Sharon Meyer, key weather woman at WCAX-TV, was the guest speaker recently at the on-line meeting of the Ludlow Rotary Club LRC).
Sharon devoted her presentation to the effect the Covid-19 crisis had on her personally and its impact on how WCAX adapted to the rigorous demands of dealing with the virus.
The meeting, held using the Zoom app, allowed members of the LRC to get a detailed picture of the changes that the station and its personnel had to make to operate.  The main change was working from home.  This required that the various reporters, weather staff, and production staff by in large work from home.
She noted that the most difficult phase of this adjustment was for production staff who needed to be “hands-on” with the various technical equipment used to produce live and recorded news and weather programs.
On a personal note, Sharon noted that she was on vacation in Mexico at the onset of the virus.  On her return to Vermont, she learned that she would have to spend 14 days in isolation, following the newly-introduced requirements of Gov. Scott.
During a Q and A session following Sharon’s presentation, Brett Wright, a LRC Rotarian, described the similar difficulties he encountered when he tried to leave the Dominican Republic.  He finally found a flight carrying American citizens back to the states only to learn that all the rental car companies had no more cars to rent due to the heavy demand created by the coronavirus crisis.
Caption to attached photo:
Pictured above is Sharon Meyer, a weather woman for WCAX, during her Zoom, on-line, discussion with members of the Ludlow Rotary Club.

We are saddened by the news of our beloved Bob Kirkbride who passed away earlier this afternoon.

Bob was a devoted Rotarian of 63 years to our club. He often stayed after lunch to help clean the tables at DJ’s after our regular weekly luncheon. Bob kept our club on its toes with his general comments, happy dollar stories and weekly program music director. He had near 100% attendance .. very seldom did he miss a meeting.

He participated with all club activities and he never missed a Penny Sale!

His smiling face will be missed by many. He was a true friend to many in our town and touched our hearts dearly. We love you Bob ❤️❤️



Ludlow Rotary Raising Funds for Australian

Fire Victims – Both Human and Animal!


Given the enormity of the fires now threatening all of Australia, the Ludlow Rotary Club (LRC) has initiated efforts to raise funds to help the Australian people and the millions of injured and dislocated animals in that country.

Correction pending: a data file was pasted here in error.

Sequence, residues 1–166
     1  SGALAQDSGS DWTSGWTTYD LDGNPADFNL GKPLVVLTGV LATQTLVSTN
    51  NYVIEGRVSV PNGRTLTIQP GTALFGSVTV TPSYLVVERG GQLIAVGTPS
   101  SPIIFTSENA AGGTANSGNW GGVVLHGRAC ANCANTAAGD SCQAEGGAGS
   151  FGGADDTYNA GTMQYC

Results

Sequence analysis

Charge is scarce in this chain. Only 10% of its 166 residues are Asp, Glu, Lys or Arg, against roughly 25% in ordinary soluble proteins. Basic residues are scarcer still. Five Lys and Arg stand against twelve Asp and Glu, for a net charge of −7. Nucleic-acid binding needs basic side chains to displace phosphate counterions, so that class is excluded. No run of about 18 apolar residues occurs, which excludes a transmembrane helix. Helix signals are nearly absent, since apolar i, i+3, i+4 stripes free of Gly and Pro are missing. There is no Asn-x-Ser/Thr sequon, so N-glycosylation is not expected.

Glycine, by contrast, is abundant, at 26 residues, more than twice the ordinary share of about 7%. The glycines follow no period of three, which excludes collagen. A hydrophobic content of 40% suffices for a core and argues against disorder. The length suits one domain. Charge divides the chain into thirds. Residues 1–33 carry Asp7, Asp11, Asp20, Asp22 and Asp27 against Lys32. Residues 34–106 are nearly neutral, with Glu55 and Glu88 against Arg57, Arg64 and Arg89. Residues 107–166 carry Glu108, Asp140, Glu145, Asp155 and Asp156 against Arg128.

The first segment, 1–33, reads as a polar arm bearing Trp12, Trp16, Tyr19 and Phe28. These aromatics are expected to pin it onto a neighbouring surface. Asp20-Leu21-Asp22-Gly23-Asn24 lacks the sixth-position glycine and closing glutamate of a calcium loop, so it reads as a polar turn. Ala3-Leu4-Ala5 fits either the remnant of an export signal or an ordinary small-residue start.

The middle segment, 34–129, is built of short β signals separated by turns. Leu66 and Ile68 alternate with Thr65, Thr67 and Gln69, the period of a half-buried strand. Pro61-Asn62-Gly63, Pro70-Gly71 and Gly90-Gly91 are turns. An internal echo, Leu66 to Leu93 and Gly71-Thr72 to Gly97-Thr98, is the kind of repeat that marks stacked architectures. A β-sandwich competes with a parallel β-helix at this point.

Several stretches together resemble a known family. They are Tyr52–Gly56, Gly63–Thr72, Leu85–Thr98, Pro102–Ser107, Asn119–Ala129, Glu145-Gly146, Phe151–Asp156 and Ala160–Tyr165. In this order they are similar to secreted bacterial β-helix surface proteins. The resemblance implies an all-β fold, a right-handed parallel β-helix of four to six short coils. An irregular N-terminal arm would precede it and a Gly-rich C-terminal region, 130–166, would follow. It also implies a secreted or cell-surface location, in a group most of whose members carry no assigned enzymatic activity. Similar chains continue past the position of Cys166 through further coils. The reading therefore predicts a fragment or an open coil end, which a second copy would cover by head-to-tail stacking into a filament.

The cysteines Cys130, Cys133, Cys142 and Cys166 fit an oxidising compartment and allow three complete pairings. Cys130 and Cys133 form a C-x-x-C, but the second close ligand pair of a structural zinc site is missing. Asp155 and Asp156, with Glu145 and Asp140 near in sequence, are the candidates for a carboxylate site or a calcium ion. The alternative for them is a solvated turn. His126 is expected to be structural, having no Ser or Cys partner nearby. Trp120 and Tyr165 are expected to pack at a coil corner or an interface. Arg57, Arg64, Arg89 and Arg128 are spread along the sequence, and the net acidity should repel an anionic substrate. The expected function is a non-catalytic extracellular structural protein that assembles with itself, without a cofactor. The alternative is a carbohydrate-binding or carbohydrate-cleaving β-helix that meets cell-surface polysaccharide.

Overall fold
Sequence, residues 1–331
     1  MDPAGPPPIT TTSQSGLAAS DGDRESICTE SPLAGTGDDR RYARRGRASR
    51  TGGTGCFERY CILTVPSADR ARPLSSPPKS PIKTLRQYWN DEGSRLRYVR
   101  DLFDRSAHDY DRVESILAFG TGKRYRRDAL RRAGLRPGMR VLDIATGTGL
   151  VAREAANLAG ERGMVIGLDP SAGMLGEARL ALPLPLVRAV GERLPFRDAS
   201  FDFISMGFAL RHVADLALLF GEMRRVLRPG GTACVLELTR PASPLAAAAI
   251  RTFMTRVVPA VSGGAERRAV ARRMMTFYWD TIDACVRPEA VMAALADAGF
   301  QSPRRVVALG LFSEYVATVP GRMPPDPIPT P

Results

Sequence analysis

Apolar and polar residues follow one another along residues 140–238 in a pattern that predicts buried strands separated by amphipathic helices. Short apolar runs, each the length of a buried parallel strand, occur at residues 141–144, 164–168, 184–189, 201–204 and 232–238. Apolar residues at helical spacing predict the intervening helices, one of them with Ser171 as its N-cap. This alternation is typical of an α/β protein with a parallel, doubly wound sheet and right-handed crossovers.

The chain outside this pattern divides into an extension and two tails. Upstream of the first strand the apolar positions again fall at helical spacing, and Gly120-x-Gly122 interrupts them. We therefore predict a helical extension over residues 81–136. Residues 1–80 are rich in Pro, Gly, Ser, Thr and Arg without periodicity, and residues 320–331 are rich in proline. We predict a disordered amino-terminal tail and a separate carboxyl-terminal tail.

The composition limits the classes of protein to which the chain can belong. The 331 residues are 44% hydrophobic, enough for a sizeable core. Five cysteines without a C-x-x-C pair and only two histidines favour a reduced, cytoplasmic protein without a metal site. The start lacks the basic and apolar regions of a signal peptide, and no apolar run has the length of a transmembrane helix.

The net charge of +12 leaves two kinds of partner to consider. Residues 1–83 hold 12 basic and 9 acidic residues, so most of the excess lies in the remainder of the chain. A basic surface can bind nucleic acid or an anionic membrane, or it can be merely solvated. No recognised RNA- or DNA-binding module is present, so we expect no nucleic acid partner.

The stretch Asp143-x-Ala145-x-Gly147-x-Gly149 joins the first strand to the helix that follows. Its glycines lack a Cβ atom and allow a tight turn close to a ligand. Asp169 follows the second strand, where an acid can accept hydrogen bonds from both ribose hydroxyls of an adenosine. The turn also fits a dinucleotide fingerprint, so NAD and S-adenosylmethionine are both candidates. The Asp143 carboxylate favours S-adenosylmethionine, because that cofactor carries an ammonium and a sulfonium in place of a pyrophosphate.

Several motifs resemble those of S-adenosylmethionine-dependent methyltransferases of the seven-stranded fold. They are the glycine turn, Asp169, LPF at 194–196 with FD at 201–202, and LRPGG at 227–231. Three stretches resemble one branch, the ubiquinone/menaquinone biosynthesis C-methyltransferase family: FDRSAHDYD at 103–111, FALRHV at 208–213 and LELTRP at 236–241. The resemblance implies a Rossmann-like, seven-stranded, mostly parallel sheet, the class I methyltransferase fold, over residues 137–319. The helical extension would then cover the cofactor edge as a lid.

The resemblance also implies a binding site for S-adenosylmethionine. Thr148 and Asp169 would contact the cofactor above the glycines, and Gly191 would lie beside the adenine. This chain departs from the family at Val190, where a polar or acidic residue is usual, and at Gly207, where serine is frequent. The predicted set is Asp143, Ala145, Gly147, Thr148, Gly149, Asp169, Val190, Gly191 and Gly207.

According to Mark Huntley, LRC President, “We will be joining Rotary International in raising funds to help the be leagued Australian people and animals begin to recover from the devastating fires currently engulfing that nation”.  He noted that the LRC’s fund raising effort would be in concert with Rotary International’s program to provide assistance, Rotary International Brush fires Appeal.


The local club will donate $2,000 to this fund split equally between humanity and wildlife rescue. All funds collected will be divided the same way.


The LRC Rotarians plan to distribute “drop-boxes” to many area stores and businesses so that additional funds will be secured for this effort.


Huntley indicated that “we suspect that everyone has been concerned about loss of life and property resulting from these fires in Australia and wants to find some way to help that nation recover and rebuild from this tremendous calamity”.  He noted that he, like many others, were particularly overcome by the plight of the animals like the koalas and kangaroos that we have become attached to.


In addition to the LRC donation and the drop-box collections, interested people may also send checks to the Ludlow Rotary Club’s tax-exempt organization.  The mailing address for such contributions is: Ludlow Area Rotary Charitable Fund, Inc. (LARCF), PO Box 216, Ludlow VT 05149.  This is a 501 (c) (3) organization so all contributions are tax-deductible.


More information on this effort may be obtained by calling 802-779-7194 or emailing LRC at kimberlylampert@bensonschevy.com.


The recent meeting of the Ludlow Rotary Club (LRC) featured leaders of the River Valley Technical Center (RVTC), located in Springfield, as they discussed the role and objectives of that school.
Both Scott Farr, the Superintendent/Director of RVTC and Dave Culver, its Cooperative Education Coordinator, explained how the school has created a wide variety of technical subjects aimed at helping its students select a career path or enhancing their educational background.
They noted that the school, which services a number of Windsor County high schools as well as one in New Hampshire, is dedicated to ensuring that attending students gain an in-depth view of selected technical career opportunities so they may opt for those they find rewarding.
Pictured above are Barbara Lemire, LRC Rotarian; Mark Huntley, LRC President; and Scott Farr, RVTC.
Club Executives & Directors
President Elect
Past President
Co Foundation Chair
CO-Foundation Chair